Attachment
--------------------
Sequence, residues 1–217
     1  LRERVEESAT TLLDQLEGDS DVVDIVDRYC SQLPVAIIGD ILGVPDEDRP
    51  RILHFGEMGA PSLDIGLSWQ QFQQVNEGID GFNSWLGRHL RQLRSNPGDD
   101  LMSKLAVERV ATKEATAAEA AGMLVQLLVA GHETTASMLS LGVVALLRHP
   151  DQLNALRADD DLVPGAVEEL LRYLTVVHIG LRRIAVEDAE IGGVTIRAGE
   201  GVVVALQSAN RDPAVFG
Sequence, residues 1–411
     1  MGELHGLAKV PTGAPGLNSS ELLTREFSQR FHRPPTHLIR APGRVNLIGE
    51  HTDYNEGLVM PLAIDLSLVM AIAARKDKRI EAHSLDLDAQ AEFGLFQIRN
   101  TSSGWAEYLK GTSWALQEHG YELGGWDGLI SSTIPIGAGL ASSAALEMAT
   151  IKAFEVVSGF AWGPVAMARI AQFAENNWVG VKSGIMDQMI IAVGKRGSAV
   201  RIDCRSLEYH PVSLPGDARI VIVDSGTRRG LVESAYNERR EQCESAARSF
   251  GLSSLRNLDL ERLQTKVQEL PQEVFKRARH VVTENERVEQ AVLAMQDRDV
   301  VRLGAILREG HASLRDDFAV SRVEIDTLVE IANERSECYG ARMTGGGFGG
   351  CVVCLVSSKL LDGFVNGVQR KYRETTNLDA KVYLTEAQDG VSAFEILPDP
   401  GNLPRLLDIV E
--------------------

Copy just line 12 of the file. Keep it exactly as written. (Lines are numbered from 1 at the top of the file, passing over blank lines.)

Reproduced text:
   201  RIDCRSLEYH PVSLPGDARI VIVDSGTRRG LVESAYNERR EQCESAARSF